We could turn the critique of Bush’s action into a slippery slope argument by claiming that commuting Libby’s sentence would morally require us to commute everyone else convicted of similar crimes, because Libby’s crime was no less heinous than theirs. The stronger this slippery slope argument seems, the weaker is Bush’s perceived defense against the allegation of moral hypocrisy. More specifically, as the similarity of Libby’s crime to those of other convicted felons and the negative utility of Libby’s crime increases, the strength of both the slippery slope argument and the allegation of hypocrisy increases. However, perhaps Bush in fact viewed Libby’s offense as dissimilar to and less negative in utility than the crimes of others convicted of the same charges (because, for example, Libby was a “patriot” motivated by “noble” motives, such as increasing the security of the United States). Given such prior
beliefs, Bush could rationally decide that commuting Libby (based on his exculpatory circumstances and exemplary character) was rationally and morally consistent with not commuting the sentences of others convicted of what appeared to him to be dissimilar crimes.

By analyzing accusations of moral hypocrisy in Bayesian terms of informal argumentation,
the authors treat the critical observer of a potentially hypocritical moral action as being presented with two competing hypotheses. The first hypothesis is that the alleged hypocrite has acted genuinely hypocritically for selfish reasons. The moral actor’s actions are  internally inconsistent with their held moral beliefs. The alternative hypothesis is that the moral actor has acted in an apparently hypocritical way due to differences in the prior beliefs of the moral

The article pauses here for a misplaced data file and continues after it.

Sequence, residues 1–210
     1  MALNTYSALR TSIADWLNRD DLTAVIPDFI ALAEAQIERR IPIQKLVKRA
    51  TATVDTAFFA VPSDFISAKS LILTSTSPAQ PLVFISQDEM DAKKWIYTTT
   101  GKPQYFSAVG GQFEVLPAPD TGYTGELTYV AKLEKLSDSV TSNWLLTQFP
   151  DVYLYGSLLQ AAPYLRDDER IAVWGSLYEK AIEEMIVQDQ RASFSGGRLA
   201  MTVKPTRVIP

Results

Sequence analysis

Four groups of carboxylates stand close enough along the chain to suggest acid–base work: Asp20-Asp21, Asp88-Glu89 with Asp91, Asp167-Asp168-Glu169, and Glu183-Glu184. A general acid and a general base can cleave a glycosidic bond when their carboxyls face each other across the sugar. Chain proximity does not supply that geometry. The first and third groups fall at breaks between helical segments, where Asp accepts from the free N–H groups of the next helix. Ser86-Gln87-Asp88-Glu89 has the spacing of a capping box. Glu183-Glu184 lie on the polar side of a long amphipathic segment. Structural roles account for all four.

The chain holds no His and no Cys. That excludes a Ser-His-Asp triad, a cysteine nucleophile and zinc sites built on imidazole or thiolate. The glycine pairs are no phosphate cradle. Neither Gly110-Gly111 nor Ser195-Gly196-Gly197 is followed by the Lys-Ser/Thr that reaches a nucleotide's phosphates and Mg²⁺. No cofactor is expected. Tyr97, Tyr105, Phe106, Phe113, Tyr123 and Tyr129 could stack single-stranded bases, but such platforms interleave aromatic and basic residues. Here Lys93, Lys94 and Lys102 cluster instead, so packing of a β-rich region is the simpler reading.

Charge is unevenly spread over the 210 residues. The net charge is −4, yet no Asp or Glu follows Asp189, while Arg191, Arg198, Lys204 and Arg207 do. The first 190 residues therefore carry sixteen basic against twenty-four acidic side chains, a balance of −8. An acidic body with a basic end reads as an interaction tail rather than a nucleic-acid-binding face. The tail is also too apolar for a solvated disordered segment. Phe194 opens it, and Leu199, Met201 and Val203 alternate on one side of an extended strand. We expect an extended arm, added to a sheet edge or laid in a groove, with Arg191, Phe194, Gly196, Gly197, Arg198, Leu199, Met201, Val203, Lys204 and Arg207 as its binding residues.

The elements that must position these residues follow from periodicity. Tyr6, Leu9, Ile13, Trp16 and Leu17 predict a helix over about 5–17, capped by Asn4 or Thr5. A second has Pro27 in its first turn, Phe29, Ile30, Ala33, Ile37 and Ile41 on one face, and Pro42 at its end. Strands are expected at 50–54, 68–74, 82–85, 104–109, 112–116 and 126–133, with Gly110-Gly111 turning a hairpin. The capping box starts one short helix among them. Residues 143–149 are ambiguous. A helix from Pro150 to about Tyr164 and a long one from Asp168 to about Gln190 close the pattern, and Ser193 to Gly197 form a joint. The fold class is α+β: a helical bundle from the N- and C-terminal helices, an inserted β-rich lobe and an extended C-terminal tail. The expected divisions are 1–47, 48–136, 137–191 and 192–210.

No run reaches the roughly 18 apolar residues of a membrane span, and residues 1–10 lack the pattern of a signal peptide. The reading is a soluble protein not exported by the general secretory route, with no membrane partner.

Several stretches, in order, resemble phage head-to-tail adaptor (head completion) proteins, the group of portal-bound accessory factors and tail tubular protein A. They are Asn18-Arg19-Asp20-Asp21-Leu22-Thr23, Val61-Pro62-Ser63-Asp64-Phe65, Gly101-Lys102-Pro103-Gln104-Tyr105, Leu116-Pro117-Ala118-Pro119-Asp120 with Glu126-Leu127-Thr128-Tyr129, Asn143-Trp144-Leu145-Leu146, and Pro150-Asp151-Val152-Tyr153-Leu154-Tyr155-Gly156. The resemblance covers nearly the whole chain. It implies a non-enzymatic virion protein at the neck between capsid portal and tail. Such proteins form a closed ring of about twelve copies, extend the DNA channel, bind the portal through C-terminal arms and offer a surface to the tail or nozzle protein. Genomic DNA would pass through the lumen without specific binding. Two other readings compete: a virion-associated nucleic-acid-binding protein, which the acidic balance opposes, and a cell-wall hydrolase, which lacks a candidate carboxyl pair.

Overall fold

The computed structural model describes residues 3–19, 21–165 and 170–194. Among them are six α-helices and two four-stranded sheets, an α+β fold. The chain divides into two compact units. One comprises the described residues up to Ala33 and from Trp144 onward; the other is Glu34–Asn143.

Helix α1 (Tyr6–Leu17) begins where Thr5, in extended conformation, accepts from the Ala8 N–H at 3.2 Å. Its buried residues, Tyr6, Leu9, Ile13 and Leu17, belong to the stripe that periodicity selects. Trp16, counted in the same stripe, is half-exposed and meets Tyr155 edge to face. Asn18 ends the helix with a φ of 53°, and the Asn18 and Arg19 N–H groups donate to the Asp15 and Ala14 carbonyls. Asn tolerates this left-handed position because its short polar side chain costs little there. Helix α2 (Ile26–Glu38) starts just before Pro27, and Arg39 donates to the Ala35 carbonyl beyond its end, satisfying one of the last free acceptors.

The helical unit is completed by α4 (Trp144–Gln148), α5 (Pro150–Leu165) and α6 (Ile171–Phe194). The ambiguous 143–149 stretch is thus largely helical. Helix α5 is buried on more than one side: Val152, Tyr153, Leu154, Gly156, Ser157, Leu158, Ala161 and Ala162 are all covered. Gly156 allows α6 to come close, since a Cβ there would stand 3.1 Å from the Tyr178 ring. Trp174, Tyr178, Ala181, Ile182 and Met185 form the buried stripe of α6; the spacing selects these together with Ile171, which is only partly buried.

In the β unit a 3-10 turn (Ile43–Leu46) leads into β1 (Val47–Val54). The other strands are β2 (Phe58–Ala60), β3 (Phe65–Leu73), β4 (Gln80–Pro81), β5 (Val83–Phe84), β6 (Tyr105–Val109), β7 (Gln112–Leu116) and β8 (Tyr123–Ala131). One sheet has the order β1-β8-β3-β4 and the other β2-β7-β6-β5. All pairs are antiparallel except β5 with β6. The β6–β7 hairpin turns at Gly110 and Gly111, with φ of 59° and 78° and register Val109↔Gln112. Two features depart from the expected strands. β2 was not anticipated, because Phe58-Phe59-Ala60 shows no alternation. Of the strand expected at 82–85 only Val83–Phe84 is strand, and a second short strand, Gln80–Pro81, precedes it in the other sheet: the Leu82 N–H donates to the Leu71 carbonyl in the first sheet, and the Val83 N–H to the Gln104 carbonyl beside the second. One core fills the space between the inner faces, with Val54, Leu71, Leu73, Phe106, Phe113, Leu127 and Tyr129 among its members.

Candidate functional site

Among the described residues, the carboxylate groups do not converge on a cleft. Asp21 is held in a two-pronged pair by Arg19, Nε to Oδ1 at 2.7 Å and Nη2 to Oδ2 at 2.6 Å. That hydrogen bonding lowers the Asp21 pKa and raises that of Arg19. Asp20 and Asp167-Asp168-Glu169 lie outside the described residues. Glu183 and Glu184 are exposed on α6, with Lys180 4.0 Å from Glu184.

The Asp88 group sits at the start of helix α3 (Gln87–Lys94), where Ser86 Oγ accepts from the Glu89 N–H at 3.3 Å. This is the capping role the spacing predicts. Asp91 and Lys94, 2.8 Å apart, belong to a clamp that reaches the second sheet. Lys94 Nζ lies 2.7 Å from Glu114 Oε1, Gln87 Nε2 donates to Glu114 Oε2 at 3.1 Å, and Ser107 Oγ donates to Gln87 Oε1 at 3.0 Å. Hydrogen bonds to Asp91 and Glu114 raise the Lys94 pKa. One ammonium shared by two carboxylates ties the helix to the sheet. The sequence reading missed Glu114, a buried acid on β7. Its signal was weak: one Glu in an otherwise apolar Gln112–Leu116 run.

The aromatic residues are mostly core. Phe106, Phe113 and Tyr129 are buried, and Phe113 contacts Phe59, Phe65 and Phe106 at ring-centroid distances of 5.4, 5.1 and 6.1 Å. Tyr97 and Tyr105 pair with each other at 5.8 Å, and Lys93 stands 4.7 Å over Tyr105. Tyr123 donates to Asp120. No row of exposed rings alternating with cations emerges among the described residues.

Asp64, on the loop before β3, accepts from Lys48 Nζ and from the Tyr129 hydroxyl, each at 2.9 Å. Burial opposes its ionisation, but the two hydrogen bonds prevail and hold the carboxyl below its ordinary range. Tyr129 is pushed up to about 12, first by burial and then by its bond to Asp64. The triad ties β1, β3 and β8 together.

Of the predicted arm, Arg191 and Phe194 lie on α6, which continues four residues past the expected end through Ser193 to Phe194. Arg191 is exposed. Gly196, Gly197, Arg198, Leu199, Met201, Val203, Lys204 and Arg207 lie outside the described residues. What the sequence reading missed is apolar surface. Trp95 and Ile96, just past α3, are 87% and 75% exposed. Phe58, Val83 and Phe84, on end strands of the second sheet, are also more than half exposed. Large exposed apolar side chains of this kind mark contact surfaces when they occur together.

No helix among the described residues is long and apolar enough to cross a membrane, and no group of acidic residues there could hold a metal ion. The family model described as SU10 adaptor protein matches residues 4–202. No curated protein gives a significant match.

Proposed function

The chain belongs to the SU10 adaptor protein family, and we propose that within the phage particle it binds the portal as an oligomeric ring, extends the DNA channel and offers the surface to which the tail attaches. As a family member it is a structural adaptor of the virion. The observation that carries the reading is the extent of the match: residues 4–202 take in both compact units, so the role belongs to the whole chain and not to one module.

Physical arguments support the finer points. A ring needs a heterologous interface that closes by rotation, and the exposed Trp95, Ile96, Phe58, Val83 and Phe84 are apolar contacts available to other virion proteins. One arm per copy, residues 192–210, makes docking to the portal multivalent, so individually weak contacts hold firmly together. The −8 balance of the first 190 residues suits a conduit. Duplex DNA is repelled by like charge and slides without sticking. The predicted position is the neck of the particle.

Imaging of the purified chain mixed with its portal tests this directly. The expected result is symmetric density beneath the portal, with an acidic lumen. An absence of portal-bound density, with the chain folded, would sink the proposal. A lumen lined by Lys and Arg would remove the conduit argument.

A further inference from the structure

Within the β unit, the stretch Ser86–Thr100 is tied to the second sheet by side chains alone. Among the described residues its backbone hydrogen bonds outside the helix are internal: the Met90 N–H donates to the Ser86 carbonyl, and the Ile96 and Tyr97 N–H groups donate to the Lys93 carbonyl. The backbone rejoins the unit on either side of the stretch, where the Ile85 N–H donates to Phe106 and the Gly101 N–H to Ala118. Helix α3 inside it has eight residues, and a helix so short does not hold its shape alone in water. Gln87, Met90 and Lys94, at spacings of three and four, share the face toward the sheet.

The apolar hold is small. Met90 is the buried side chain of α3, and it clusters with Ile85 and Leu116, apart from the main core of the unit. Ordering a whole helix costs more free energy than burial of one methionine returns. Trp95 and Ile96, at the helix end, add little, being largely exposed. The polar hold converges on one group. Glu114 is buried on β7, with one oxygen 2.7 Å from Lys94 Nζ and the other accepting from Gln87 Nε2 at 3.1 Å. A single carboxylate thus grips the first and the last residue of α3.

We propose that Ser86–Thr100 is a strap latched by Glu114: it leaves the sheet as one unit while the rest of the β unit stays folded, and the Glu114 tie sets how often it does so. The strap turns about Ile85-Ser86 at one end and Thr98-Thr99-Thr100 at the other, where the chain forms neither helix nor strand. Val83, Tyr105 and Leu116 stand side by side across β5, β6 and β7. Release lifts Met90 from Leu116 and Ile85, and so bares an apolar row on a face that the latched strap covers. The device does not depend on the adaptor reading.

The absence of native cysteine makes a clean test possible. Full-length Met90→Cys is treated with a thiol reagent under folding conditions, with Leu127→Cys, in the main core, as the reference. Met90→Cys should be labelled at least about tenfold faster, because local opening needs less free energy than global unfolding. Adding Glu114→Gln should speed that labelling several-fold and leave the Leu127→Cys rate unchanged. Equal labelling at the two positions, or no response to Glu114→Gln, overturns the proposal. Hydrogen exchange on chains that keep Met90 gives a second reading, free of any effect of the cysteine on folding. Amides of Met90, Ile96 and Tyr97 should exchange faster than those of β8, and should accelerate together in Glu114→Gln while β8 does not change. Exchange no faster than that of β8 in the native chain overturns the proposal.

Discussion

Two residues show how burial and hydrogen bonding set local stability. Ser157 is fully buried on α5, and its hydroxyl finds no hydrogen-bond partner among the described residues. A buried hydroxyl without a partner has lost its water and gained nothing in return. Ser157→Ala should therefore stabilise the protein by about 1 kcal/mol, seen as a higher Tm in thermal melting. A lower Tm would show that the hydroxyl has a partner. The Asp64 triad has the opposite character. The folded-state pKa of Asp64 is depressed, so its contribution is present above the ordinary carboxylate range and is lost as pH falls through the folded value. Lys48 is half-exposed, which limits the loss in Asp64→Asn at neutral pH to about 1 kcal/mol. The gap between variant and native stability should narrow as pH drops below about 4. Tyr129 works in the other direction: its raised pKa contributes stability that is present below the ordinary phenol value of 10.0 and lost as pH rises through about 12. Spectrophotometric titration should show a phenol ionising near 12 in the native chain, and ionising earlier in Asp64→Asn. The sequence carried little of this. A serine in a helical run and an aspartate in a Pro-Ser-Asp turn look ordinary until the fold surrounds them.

actor and the critical observer. From this perspective, no two cases are completely identical,
and the critical observer’s inference of moral hypocrisy may actually reflect disagreement
between the observer and the moral actor over the prior probability of the two cases
having a shared category membership. Thus, for the critical observer faced with
Bush’s decision, the two competing hypotheses are that Bush had different prior beliefs
as to whether Libby’s actions were sufficiently different and less negative in their moral
utility from those of other criminals as to warrant better treatment, or that Bush believed
that all criminals should go to jail and that Libby was a criminal, but hypocritically commuted
his sentence for selfish reasons.

In their experiments Rai and Holyoak found that:

1.) as a precedent action A and a proposed action B become more similar, and the difference in their relative utilities increases, perceptions of moral hypocrisy increase.

2.) perceptions of moral hypocrisy increase, independently of changes in the similarity or relative utility of two cases, if the potential for selfish gain is believed to be present, because potential selfish motives count as positive evidence in support of the hypothesis that the actor is genuinely hypocritical.

So we may tend to put arguments in different categories based on who is saying them, the strength of the arguments, and quite possibly the reference point which we are using. This might cause a kind of parallax. This seems to me to share something with Kahan’s cultural cognition. It also points out something most of us already know, putting ourselves in someone else’s shoes can explain a lot that we often ignore.